The Ireland native has proven to be a big ticket seller in the Northeast's Irish community, one of the reasons several major promoters have tried to sign him. He's a dynamic puncher but needs serious work on his defense. He would be best served by choosing a promoter who can map out a direction for his career, instead of fighting here or there with no particular plan.

Vicente Escobedo (24, junior lightweight, 7-0, 7 KOs)
The 2004 U.S. Olympian is one of the most exciting prospects around. He's huge for his division and is a pure puncher. Promoter Oscar De La Hoya has big plans for him.

Allan Green (26, super middleweight, 18-0, 12 KOs)
Allan Green/Jaidon Codrington
J.D. Crenshaw/For SHOWTIMEGreen (left) KO'd Jaidon Codrington in just 18 seconds earlier this year.
The Tulsa, Okla., product has always been an excellent prospect, but fought in relative obscurity. That all changed after his brutal 18-second knockout of the year against fellow prospect Jaidon Codrington in November on Showtime's "ShoBox: The New Generation" series.

Demetrius Hopkins (25, junior welterweight, 22-0-1, 9 KOs)
Demetrius Hopkins
Demetrius (left) is the nephew of Bernard Hopkins and went 6-0 in 2005.
Bernard Hopkins' nephew had been winning but hadn't really been impressive until 2005, when he was 6-0 against solid opposition, including his last three wins via knockout. He's on the doorstep of a meaningful fight.

Amir Khan (19, lightweight, 4-0, 3 KOs)
Britain's 2004 Olympic silver medalist is already a major star in Great Britain. His potential is unlimited. He has terrific hand and foot speed to go with excellent power. All he needs are rounds and experience. All we need is patience.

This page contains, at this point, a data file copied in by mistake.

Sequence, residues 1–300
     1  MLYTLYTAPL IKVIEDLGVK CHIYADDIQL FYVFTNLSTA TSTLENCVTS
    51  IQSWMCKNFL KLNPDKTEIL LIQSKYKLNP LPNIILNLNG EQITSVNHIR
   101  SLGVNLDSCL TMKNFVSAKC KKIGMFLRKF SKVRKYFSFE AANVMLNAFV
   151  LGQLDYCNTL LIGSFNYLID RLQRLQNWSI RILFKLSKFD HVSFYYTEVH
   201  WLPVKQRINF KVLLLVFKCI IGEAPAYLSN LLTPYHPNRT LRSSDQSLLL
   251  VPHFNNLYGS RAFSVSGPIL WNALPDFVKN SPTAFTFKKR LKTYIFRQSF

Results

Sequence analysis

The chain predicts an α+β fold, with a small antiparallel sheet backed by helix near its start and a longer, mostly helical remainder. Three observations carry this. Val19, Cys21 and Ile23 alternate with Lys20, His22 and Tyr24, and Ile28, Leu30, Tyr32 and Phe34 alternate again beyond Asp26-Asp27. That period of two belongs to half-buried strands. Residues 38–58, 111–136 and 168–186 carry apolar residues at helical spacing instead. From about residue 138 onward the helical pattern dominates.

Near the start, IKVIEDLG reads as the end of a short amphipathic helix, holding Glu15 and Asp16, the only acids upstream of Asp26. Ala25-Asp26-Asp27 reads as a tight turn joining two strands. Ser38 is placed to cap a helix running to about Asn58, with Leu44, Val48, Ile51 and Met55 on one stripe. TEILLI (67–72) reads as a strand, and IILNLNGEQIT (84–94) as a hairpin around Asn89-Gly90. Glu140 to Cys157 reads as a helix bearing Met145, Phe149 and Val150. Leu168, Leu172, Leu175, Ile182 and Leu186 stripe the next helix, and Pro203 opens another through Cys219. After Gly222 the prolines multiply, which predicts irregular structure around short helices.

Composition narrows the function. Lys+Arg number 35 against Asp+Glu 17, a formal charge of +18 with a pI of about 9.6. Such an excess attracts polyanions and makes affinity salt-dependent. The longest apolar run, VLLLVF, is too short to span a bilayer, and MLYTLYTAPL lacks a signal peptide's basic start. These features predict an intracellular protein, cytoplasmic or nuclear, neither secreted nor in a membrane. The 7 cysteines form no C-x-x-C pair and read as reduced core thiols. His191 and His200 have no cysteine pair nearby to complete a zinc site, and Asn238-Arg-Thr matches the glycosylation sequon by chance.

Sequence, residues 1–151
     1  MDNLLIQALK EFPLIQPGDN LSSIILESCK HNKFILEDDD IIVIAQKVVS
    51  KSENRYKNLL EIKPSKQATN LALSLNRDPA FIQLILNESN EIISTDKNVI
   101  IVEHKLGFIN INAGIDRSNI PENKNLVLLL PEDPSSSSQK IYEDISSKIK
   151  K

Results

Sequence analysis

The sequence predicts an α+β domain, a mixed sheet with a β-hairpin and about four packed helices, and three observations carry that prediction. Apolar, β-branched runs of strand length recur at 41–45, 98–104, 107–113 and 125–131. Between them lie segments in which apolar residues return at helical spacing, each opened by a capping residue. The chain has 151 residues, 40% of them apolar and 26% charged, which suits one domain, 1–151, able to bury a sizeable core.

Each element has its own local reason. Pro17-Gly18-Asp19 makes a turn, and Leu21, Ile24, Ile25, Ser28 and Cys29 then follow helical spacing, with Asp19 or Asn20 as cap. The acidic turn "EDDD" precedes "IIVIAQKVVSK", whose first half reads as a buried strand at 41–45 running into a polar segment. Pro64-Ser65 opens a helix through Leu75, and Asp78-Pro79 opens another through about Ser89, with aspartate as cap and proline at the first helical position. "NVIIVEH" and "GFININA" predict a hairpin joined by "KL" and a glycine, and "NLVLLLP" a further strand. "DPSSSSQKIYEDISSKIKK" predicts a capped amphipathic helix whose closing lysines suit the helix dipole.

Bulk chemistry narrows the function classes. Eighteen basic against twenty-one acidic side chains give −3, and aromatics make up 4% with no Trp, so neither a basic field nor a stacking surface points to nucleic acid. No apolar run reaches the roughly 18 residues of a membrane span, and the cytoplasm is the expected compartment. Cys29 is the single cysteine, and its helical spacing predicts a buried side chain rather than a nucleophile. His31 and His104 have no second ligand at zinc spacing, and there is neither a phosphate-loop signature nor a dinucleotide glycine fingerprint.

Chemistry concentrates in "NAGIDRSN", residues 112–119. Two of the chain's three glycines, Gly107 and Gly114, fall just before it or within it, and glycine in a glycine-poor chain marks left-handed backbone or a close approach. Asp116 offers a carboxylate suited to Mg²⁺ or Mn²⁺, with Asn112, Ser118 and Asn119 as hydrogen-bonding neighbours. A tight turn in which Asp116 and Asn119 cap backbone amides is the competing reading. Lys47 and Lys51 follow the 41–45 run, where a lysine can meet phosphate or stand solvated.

Jason Litzau (22, featherweight, 16-0, 14 KOs)
Jason Litzau
Litzau (above) is excited to be fighting on the same card as Gatti.
He's definitely a work in progress, but he has the backing of powerful promoter Main Events and a crowd pleasing style that fans love, win or eventually lose.

Abner Mares (20, junior featherweight, 7-0, 5 KOs)
Francisco Soto (left), Abner Mares
Getty Images/Nick LahamMares (right), is only 20, but has a bright future ahead of him.
The 2004 Mexican Olympian, who is based in California, is the brightest prospect in Golden Boy's stable. He's a stylish boxer who can also punch, and he's improving with every fight. Although he's only 20, he figures to move quickly.

Raul Martinez (23, bantamweight, 12-0, 9 KOs)
"The Cobra" is a San Antonio native who had a distinguished amateur career -- two-time national champion -- and has done nothing but impress in the pros.

Vanes Martirosyan (19, junior middleweight, 6-0, 3 KOs)
A 2004 U.S. Olympian, Martirosyan is being moved slowly, but there is no hurry. He has an all-star team behind him that includes promoter Top Rank, manager Shelly Finkel and trainer Freddie Roach. They don't mess with fighters unless they have serious potential.

Anthony Peterson (20, lightweight, 14-0, 10 KOs)